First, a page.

BRUNSWICK, Maine — After being criticized for making an unusual and unprecedented loan, the Brunswick Development Corp. is considering a conflict of interest policy, increased transparency and a greater number of citizen members.
The proposals were discussed at BDC’s Wednesday afternoon meeting, where its board fielded questions from the largest public audience a BDC meeting has seen.
The relationship between the town and BDC came under fire after the group issued a forgivable, $247,000 loan in July to a business owned by the husband of a former town councilor and BDC board member.
The critics, including Town Councilors Benet Pols and John Perreault, said the transaction had too much potential for a conflict of interest.
Councilor John Richardson, one of two councilors now on the BDC board, said some of the proposed bylaw changes, including the addition of a conflict-of-interest policy, were not a direct reaction to the recent criticism.
Instead, he said, some of the changes have been in the making for months and, in some cases, years. The BDC’s bylaws were last modified in 2010.
But, Richardson said, the questions and confusion over what the BDC is and its relationship to the town as a result of the loan led him to propose creating a website and new rules to make the BDC more transparent.
“I think there has been a lot of confusion on the part of the public that has been driven by some personal and political agendas,” he said after Wednesday’s meeting, “but largely, the public has remained somewhat confused about the role of the BDC, because the BDC has not done as good a job as it should in explaining its role, its mission and how it has improved the town of Brunswick.”
Richardson cited a loan issued to Gelato Fiasco that has helped that business expand, and an agreement with Wiscasset-based Coastal Enterprises to bring about 55 jobs into town, as positive examples of BDC’s work.
The board Wednesday decided to form a committee — comprised of President Larissa Darcy, board member William Morrell, and Richardson — to review the proposed bylaw changes and present them by BDC’s Oct. 16 meeting.
The BDC would then ratify any changes in a special meeting scheduled for Oct. 23.
Some of the proposed changes include removing town Finance Director John Eldridge from the BDC board, adding another citizen member, making it clear that BDC board members are not compensated, and removing the Town Council’s role in ratifying citizen appointments to the BDC.
Another proposed change would require the BDC to post advance notice of its meetings, with agendas posted to the town’s website and BDC’s proposed website.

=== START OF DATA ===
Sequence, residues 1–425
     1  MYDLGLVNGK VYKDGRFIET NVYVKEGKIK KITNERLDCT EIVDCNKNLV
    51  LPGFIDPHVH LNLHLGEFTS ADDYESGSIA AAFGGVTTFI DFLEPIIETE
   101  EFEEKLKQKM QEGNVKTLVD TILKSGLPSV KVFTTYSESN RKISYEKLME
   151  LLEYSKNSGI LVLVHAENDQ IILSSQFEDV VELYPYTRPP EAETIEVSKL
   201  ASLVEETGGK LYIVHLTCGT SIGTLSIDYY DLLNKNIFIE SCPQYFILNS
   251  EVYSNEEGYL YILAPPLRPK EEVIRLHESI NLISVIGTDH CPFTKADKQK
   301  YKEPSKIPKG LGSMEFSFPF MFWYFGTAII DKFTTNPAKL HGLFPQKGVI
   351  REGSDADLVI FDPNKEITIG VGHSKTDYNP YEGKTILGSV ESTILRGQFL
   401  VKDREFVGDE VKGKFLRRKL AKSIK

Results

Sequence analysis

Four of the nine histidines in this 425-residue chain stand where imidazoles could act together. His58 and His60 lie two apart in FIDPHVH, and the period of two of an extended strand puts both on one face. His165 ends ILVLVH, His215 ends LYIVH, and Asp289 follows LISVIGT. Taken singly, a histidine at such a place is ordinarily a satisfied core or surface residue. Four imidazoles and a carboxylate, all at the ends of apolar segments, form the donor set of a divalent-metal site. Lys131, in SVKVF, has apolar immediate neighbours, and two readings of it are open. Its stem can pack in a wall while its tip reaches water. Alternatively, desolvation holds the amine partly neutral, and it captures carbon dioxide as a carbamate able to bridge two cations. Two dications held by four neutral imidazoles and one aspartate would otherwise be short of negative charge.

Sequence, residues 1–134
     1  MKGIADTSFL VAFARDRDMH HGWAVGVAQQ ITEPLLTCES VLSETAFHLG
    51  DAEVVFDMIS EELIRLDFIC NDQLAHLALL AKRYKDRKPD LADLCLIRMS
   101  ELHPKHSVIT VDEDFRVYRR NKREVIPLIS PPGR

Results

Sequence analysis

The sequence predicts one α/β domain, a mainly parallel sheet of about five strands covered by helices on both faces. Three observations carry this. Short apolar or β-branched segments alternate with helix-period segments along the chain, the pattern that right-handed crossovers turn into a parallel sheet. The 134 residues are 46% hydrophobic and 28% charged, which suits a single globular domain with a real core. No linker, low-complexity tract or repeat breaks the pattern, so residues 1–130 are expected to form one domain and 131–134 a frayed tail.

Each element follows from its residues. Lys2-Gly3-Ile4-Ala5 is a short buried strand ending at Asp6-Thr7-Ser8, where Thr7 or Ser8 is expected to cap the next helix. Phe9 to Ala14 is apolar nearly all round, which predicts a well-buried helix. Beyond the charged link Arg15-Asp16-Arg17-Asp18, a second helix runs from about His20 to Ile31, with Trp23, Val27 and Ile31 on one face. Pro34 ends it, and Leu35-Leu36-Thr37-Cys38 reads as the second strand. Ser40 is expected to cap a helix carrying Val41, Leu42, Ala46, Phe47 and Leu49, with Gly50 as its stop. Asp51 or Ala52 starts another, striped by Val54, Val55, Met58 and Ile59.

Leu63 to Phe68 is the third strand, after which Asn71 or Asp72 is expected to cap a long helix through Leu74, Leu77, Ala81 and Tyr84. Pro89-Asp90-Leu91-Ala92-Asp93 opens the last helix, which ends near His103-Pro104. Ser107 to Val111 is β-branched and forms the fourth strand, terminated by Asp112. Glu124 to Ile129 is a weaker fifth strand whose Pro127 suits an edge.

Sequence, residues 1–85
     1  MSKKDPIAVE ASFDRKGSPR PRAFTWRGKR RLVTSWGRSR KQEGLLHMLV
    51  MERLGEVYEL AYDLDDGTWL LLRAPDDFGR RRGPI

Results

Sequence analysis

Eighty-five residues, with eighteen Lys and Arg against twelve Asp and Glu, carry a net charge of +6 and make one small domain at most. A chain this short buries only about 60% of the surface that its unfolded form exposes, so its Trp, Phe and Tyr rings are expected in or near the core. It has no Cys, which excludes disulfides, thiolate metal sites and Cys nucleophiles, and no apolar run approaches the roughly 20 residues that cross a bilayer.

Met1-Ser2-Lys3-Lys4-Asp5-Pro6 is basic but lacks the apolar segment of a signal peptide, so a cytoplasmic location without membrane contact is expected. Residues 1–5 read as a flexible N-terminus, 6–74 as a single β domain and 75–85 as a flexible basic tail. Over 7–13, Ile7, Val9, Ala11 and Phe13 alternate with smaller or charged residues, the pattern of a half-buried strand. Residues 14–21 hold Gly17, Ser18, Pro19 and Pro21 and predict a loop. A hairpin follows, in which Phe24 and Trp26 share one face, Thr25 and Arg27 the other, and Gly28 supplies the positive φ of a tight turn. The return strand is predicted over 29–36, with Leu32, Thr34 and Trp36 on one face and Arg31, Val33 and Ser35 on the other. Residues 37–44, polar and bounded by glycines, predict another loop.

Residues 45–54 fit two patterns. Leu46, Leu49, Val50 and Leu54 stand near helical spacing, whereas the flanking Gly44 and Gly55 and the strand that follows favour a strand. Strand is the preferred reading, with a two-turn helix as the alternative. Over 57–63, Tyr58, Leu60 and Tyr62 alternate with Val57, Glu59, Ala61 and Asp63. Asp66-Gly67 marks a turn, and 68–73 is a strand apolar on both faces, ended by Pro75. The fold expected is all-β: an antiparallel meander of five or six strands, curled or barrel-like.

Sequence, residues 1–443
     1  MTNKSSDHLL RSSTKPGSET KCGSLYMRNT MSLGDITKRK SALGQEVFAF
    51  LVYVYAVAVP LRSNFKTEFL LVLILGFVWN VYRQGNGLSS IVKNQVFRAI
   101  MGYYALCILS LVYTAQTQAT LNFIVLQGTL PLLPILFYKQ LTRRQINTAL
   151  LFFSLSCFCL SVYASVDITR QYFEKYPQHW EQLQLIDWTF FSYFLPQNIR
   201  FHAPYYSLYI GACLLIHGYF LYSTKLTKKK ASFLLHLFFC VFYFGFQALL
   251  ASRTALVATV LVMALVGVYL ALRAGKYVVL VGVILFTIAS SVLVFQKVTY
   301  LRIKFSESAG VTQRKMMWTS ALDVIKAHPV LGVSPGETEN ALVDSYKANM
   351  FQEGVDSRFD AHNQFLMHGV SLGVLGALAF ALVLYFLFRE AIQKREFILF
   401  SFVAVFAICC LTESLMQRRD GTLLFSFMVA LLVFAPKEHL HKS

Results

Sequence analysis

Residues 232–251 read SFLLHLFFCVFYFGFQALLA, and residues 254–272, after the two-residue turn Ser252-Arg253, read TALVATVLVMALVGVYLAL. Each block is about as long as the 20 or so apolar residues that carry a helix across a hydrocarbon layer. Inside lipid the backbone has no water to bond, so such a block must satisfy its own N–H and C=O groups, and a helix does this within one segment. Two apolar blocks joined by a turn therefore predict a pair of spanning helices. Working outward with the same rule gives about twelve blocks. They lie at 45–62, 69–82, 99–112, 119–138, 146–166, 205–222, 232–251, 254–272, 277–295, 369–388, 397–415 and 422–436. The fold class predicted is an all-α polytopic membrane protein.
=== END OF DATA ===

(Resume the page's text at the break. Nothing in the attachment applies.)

BDC is already subject to some Maine right-to-know laws, as determined by the town’s attorney when BDC was incorporated in 1995, which is why its meetings and some of its documents are public.
Richardson said the proposed conflict-of-interest policy could be similar to what is used by the Freeport Economic Development Corp., which requires its members to acknowledge and sign off on such a policy every year.
The policy would bar any public officials from seeking financial assistance from the BDC, Richardson said.
After BDC finished discussion of the proposed bylaw changes, the board fielded questions from some members of the public.
Scott Wiley, of Tarratine Drive, expressed confusion over whether BDC is a private or public corporation and its exact relationship with the Town Council.
“It’s unclear to me as to whether you people think you’re independent or an extension of the Town Council,” he said.
Richardson said the BDC is technically a nonprofit organization, and is considered a public-private partnership because of its board make-up, which consists of two ex-officio town staff members, two town councilors and three citizens.
He said although the BDC is independent from the town, it can be difficult to convey that because it was originally funded by a town loan that was fully paid back.
“It’s very difficult to state to the public that with four public members, two town employees and two elected officials, that this doesn’t have some sort of connection to the town,” Richardson said. “It does. (But) you almost have to be a lawyer to understand … that (BDC’s current fund balance) isn’t town money.”